CITI urges PM to decide on zero-duty access to Bangladeshi garments after proper assessment
Confederation of Indian Textile Industry (CITI) has asked the Government not to take the policy decision of allowing of duty free quota garment imports from Bangladesh to India in haste.
In a letter to the Prime Minister Dr. Manmohan Singh, Chairman of CITI, Mr. Shishir Jaipuria has said, “We understand … that there is a proposal to provide substantial concessions to Bangladesh on their exports of garments to India. We are aware of the general approach of Government to use trade policy as a tool for achieving geo-political objectives. In our view, such a policy decision needs an assessment of the likely perilous consequences on the domestic garment manufacturing and loss of employment, which the sector generates especially for unskilled female workers. This would also adversely affect the investment in complete textile value chain, which Government of India intends to promote.”
Mr. Jaipuria said that Bangladesh's apparel manufacturing industry is far more competitive than its Indian counterpart. He added that “the in-competitiveness of the Indian apparel industry against Bangladesh can be gauged from the fact that in the last 6 years (2005-2011), India's apparel exports increased by about 5 percent Compound Annual Growth Rate (CAGR) from US$ 8.63 billion in 2005-06 to US$ 12.5 billion in 2010-11 against 18 percent growth recorded by Bangladesh's garment export during the same period. Bangladesh's garment exports increased from US$ 7.9 billion in 2005-06 to US$ 17.92 billion in 2010-¬11 and would cross US$ 25billion target set by Bangladesh within next 3 years.”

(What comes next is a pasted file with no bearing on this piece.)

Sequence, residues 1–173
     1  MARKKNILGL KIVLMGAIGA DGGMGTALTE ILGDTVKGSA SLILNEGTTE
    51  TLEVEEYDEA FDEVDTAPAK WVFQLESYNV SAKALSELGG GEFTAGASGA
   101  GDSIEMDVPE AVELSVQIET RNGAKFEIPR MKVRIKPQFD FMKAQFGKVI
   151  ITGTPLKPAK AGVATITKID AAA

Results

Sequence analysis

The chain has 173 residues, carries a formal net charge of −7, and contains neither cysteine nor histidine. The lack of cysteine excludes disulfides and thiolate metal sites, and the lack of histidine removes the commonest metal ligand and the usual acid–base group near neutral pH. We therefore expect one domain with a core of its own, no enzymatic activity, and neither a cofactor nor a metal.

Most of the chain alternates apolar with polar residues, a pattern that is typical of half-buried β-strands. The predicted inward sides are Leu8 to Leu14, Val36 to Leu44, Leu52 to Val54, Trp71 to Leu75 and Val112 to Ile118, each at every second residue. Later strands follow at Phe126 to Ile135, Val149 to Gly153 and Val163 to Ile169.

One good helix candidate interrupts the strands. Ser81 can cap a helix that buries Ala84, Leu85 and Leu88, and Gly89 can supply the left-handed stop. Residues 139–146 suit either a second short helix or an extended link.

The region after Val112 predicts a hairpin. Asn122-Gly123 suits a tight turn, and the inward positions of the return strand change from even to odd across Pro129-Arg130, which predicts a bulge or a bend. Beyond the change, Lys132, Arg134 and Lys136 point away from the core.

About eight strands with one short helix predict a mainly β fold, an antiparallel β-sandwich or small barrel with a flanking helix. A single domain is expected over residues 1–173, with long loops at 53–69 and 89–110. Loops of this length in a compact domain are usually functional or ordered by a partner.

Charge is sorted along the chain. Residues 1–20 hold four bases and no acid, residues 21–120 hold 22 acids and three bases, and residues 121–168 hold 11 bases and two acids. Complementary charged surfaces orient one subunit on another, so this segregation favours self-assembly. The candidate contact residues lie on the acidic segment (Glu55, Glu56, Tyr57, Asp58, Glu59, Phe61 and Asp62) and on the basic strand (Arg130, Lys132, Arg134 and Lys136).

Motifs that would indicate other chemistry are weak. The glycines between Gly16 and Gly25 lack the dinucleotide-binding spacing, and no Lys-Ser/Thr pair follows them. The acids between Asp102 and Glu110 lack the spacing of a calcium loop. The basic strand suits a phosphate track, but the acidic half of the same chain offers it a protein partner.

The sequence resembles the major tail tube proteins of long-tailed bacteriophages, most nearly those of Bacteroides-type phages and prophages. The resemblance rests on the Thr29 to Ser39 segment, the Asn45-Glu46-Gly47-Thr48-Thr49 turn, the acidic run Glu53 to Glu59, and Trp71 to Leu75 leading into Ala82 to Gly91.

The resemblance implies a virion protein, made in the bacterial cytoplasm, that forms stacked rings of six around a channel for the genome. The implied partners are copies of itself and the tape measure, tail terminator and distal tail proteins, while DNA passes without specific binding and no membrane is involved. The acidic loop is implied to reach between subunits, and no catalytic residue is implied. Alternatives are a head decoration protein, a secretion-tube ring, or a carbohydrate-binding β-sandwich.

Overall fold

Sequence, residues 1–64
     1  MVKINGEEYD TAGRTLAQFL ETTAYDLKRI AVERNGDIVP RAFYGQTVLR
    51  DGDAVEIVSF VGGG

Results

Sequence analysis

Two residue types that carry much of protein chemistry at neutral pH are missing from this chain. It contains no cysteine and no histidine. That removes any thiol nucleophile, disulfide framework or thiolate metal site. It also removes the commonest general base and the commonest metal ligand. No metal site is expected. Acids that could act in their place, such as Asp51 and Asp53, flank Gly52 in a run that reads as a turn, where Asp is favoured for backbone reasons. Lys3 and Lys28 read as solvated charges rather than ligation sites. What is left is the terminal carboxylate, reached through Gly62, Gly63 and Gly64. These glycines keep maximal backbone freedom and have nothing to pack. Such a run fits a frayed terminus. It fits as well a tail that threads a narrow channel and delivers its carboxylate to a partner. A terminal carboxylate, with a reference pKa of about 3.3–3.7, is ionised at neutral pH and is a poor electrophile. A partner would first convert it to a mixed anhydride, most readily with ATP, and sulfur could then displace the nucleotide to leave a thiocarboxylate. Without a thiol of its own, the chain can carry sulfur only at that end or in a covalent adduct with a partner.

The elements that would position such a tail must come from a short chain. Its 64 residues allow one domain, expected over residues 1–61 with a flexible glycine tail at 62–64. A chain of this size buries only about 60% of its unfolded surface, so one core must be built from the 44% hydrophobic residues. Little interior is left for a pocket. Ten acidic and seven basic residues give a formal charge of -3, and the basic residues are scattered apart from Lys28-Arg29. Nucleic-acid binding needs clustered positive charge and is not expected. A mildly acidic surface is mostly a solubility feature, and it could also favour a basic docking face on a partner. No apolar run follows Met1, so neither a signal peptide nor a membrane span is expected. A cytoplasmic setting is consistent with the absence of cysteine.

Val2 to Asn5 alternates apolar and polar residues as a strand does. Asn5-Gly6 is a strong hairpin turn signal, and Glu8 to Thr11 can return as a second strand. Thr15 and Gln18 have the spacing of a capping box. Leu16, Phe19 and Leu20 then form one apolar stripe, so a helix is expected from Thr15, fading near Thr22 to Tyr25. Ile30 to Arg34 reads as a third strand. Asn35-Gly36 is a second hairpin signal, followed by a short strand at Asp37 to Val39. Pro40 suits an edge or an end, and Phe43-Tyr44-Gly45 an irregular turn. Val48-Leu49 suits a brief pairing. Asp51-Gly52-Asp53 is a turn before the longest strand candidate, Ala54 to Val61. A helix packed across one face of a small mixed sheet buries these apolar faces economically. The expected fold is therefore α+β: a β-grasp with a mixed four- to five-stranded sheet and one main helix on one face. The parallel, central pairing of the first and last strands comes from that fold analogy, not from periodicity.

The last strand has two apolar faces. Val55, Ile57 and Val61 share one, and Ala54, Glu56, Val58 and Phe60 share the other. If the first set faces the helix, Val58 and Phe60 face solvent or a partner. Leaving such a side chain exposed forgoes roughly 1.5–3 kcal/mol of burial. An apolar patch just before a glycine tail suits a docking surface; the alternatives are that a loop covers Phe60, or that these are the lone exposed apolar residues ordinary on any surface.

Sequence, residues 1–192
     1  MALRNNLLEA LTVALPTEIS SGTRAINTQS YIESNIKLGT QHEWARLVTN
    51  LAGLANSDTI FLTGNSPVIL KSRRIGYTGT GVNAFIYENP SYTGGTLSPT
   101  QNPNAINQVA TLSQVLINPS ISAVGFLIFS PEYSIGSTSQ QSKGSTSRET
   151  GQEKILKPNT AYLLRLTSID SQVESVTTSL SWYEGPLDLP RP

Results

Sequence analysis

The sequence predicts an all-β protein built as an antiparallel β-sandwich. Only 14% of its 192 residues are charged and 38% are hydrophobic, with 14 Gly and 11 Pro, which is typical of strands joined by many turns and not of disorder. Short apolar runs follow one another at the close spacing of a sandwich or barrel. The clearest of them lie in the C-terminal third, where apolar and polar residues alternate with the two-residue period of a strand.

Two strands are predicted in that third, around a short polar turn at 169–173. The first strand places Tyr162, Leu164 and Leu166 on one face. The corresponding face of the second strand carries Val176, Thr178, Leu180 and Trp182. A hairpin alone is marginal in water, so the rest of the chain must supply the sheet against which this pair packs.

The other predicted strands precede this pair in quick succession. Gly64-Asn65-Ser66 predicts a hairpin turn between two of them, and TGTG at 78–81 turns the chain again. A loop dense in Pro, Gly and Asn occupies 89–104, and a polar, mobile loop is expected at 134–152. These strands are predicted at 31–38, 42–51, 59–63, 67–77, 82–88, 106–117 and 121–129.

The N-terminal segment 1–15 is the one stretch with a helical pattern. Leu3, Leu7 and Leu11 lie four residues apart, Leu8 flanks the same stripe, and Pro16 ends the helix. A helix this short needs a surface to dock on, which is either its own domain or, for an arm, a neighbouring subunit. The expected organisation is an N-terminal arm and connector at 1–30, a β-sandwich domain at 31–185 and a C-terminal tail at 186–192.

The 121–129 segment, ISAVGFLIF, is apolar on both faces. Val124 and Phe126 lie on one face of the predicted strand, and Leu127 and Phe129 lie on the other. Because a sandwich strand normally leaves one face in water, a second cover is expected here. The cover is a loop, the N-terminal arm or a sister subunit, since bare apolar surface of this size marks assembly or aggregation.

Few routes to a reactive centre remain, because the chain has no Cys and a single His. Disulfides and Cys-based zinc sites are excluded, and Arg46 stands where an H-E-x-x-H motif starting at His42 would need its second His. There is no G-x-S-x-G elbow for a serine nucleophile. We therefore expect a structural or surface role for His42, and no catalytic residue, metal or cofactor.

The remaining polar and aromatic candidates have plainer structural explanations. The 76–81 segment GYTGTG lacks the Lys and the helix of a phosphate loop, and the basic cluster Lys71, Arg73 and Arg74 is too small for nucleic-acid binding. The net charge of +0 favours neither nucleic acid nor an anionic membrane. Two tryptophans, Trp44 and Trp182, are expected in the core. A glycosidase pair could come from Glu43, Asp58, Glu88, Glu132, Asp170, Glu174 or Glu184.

He reasoned, “The 45 HS lines for which Bangladesh is seeking zero-duty access in Indian market cover most of their total garment production in terms of quantity. The products for which Bangladesh has sought concessions are also major products for India's domestic production as well as consumption.”
He explained, “India's garment industry is mostly in the small-scale sector and provides employment to over 18 million workers. The upstream segments that supply raw material to the garment industry employ another 17 million workers, mostly in handloom and powerloom sectors of Tamil Nadu, Maharashtra and Andhra Pradesh. Thus, the fate of 35 million workers and a large number of SME units engaged in production of textiles and garments in India is at stake on this issue. There will be severe adverse impact on the garment clusters in Tirupur, Ludhiana and West Bengal.”
The CITI Chairman said that the inability of the Indian Garmenting Industry to face up to Bangladesh imports stems from the absence of level playing field caused by structural deficiencies in India's apparel manufacturing. “Labour cost is one of the chief components of total cost in apparel manufacturing. Bangladesh's labour cost is about one-third of the wages paid to a garment worker in India,” he said.
Secondly, he said, “It is also well known fact that lower size and scaleof Indian garment factory is chiefly due to inflexible labour policies, which stress upon security than availability of employment. Despite continuous representation from the industry for more than a decade and recommendations of various committees formed by Government of India, no policy change has been initiated for the overdue labour reforms.”